Here’s everything you need to know about visiting Yellowstone in January: services available, roads open, things to do, what to pack, and where to stay.
The top reason we enjoy visiting Yellowstone in the winter is the unique experience you can’t get anywhere else! Yellowstone is a destination like no other, and with limited ways to enter the park in January, you can enjoy the quiet and serenity.
Use this Yellowstone National Park travel guide to decide if January is a time to want to visit this stunning park!
We live only hours away and visit Yellowstone often. The tips we share are based on our experiences visiting the park this time of year, and specifically in January.
When planning a winter trip to Yellowstone, our number one tip is to pack and wear winter clothes so you can enjoy your time in the park!! Grab your free Yellowstone winter packing list by clicking the image below!
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Visiting Yellowstone in January
In January you’ll find the Yellowstone landscape covered with snow. The steam from the hot pools and geysers is more pronounced in the cold air. And the wildlife stands out against the white snow. Check out these Yellowstone National Park winter pictures to inspire you to plan a trip during this time of year!
The top reason we enjoy visiting in January is the unique experience you can’t get anywhere else! Yellowstone is a destination like no other, and in the winter it’s even more so with steaming geysers amid a snowy landscape.
Yellowstone Roads in January
In January all roads except from the north entrance in Gardiner to the northeast entrance in Cooke City are closed. Be sure to read the fall and winter Yellowstone road closure dates for the most updated year-to-year information.
Yellowstone Services in January
Mammoth Hot Springs to the Northeast Entrance is the only part of the park open to wheeled vehicles in the winter. The road is open up to Cooke City, Montana, after which the road is closed (no through-traffic to Red Lodge, Montana or Cody, Wyoming). Services are very limited between Mammoth Hot Springs and Cooke City, Montana.
Mammoth Hot Springs and Tower-Roosevelt areas:
- Albright Visitor Center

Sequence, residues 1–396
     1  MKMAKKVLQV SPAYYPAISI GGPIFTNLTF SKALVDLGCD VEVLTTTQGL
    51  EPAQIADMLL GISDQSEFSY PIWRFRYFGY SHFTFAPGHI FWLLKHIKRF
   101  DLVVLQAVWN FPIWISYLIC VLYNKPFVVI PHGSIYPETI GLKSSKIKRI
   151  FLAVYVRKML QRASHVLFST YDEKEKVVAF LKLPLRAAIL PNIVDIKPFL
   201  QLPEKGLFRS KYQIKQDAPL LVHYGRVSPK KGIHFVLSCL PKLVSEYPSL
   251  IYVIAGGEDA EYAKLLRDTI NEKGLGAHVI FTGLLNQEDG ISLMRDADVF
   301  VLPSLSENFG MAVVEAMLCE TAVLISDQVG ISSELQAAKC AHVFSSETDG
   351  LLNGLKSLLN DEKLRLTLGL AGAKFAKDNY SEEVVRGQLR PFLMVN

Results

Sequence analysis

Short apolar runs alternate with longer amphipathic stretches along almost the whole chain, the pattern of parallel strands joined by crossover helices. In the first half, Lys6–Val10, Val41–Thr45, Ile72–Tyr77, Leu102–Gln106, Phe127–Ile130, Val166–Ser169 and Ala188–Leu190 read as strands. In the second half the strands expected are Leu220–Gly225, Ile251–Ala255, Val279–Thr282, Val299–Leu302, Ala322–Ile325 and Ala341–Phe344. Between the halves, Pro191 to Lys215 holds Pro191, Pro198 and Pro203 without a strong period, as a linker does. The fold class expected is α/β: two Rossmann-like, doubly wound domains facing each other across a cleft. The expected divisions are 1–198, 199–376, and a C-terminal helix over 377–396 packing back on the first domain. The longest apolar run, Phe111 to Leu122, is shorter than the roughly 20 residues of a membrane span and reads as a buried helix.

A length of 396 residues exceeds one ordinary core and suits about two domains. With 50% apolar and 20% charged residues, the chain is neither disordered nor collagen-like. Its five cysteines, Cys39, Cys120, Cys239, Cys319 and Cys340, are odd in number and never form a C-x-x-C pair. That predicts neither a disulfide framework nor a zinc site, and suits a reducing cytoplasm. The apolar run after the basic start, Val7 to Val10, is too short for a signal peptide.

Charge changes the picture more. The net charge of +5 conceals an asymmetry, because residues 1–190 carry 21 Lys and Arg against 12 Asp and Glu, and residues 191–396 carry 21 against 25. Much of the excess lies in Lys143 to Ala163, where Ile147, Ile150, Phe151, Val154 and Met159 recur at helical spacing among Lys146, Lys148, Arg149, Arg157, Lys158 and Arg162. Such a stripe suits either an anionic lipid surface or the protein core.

- General Store
- Mammoth Campground
- Mammoth Clinic
- Post Office
- Mammoth and Tower-Roosevelt Service Stations – credit card fueling only 24-hours
Old Faithful area:
- Old Faithful Snow Lodge
- Old Faithful Visitor Education Center
- Old Faithful and Grant Service Stations – credit card fueling only 24-hours
- Canyon Yurt Camp
- Canyon and Fishing Bridge Service Stations – credit card fueling only 24-hours
Warming Huts available in the winter:
- Canyon Visitor Education Center Lobby
- Fishing Bridge
- Indian Creek
- Mammoth Hot Springs
- Old Faithful Yurts
- West Thumb
Always check the Yellowstone operating hours and seasons for the most updated information.
Yellowstone Weather in January
The Yellowstone National Park weather in January is cold and snowy. Average temperatures range from highs in the upper 20s and lows close to 0.
Layers are key when exploring the park in the winter. Reference our winter clothing guide so you can enjoy the outdoors, even when it’s cold!
- Insulted boots – Baffin winter boots are amazing!!
- Darn Tough heavy wool socks
- Wicking and quick-drying base layers
- Columbia fleece jackets are our favorite!
- Insulated winter jacket – to layer atop the fleece jacket for the cold mornings and evenings, trust us!
- Winter hat
- Winter gloves
- Rechargeable hand warmers
- Fleece neck gaiter
Things to Do at Yellowstone National Park in January
There are quite a few Yellowstone winter activities to enjoy in January. Winter in Yellowstone means fewer crowds, VERY COLD temperatures, and stunning winter landscape scenes with steaming geyser basins.
Drive the North Entrance Road in January
If you’re close to the north entrance, be sure to drive the one open road from Gardiner to Cooke City, it’s a fun day trip. As you drive through Lamar Valley, look for bison and elk… and if you’re lucky, you’ll see wolves, fox or moose!
The Albright Visitor Center in Mammoth remains open year-round and is a great resource for information about the park. There’s also a museum in the lower level of the Visitor Center, and rangers are available to answer any questions about closures that you may have.
Yellowstone Winter Tours in December
Winter in Yellowstone is not your ordinary vacation. In mid-December, the roads open to oversnow travel only via snowmobile, snowcoach, snowshoe and cross-country ski.